You can also define a default value if that is not passed from the other component. Here 20 is the default value.

<script>
	export let age = 20;
</script>

<h2>You age is {age}<h2>

Dynamic attributes in svelte

Dynamic attribute in Svelte REPL

When working on the component, you want it to be as reusable as possible so that it is easy to share it in your project. So you can add some dynamic attribute to the HTML elements which takes the value from the input variable.

<script>
	export let src='https://picsum.photos/400/300';
</script>

<img src={src} alt='Random image'/>

You can use the input of the component and pass that value directly to the <img> element which will make this component reusable. You can do the same to the alt text as well.

DynamicAttributes.png

Shortcut for dynamic attribute

If the name of the HTML attribute and the name of the variable is the same, Svelte offers a nice shortcut to do the same dynamic attribute linking

<script>
	export let src='https://picsum.photos/400/300';
</script>

<img {src} alt='Random image'/>

CSS styling

CSS Styling in Svlete REPL

You can add CSS to your component by adding the styles in the <style> tag in .svelte files. You can create new CSS classes and add them to the HTML element in the same way you will do in a plain HTML file.

<style>
	.content {
		display: flex;
		justify-content: space-between;
		padding: 8px 32px;
	}
	
	#contactLink {
		color: green;
	}
	
</style>

<div class='content'>
	<h3>Company name</h3>
	<a id='contactLink' href='/contact'>Contact</a>
</div>
  1. We are creating a new class called content and then adding styles for that class using .content syntax of CSS selectors
  2. Create a new id called contactLink and then add styles for that id using #contactLink syntax of CSS selector

For more information about CSS Selector - https://www.w3schools.com/css/css_selectors.asp

CSSStyles.png

Local CSS scope and Global CSS Scope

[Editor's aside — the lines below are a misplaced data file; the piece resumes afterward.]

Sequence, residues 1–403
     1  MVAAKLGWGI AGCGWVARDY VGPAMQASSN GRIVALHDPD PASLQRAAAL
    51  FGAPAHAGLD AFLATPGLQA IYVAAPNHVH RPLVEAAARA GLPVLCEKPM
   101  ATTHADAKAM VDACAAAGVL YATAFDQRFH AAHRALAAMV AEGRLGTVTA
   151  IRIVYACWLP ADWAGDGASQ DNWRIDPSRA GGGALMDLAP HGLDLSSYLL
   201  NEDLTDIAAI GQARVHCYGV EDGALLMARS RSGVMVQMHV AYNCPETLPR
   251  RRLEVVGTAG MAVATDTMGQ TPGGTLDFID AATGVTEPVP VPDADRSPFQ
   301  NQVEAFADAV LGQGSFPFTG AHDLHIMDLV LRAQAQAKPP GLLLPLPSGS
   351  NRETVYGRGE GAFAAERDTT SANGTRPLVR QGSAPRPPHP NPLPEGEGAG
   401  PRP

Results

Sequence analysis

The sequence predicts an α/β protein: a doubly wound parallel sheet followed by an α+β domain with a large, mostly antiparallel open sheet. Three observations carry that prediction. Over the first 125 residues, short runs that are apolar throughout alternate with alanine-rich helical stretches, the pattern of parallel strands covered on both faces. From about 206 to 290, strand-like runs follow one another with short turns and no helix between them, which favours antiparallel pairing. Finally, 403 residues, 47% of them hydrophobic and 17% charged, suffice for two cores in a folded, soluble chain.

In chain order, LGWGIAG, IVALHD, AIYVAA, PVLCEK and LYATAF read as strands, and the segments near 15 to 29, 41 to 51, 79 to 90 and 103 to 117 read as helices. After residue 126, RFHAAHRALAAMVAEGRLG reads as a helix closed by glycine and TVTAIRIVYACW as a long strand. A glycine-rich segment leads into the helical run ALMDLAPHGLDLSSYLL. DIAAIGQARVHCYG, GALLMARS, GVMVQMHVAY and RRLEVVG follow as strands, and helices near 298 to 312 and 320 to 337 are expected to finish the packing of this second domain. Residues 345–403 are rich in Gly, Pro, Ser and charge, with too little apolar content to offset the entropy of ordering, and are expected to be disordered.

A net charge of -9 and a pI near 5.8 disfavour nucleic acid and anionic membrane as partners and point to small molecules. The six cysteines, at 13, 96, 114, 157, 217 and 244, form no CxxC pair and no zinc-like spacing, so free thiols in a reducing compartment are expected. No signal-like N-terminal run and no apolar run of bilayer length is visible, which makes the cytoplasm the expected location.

Svelte makes the CSS scope local by default which means that if you have two components that contain the same class called content and you have added the styles in only one component, that component will be affected rather than affecting all the website which contains the class content.

If you are not sure why this is a big deal, it is because CSS is not scoped by default, So traditional apps that contain CSS needs to be very careful as to not override the CSS of some other file. Lots of frameworks depend on external packages or custom solutions to scope the CSS to the local but Svelte offers it by default

Local CSS scope in Svelte

This feature is achieved by converting the CSS classes at the build step to contain a unique id for each component. Then the CSS is also converted to add that generated class to just apply to that particular element in this component.

Your component →

<style>
	#contactLink {
		color: green;
	}
</style>

<a id='contactLink' href='/contact'>Contact</a>

Svelte generated component →

<style>
#contactLink.svelte-oulbuv{color:green}
</style>

<a id="contactLink" href="/contact" class="svelte-oulbuv">Contact</a>`;

Global CSS Scope in Svelte

Global CSS Scope in Svelte REPL

So now the question is how to add a CSS as a global scope. If you make the style with :global() syntax, Svelte will make the style global.

<style>
	:global(#contactLink) {
		color: green;
	}
	
</style>

<a id='contactLink' href='/contact'>Contact</a>

So inside your application, when you use the #contactLink id, it will be applied with this style.

That's all for this introduction. We will meet again in the next article explaing more svetle concepts.

About the Author

Sriram Thiagarajan

Sriram is a content creator focused on providing quality content which provides value for the readers. He believe is constant learning and sharing those learning with the group. He is working as a lead developer and bulk of his experience is in working with multiple javascript frameworks such as Angular, React, Svelte. He is passionate about open source technologies and on his free time loves to develop games.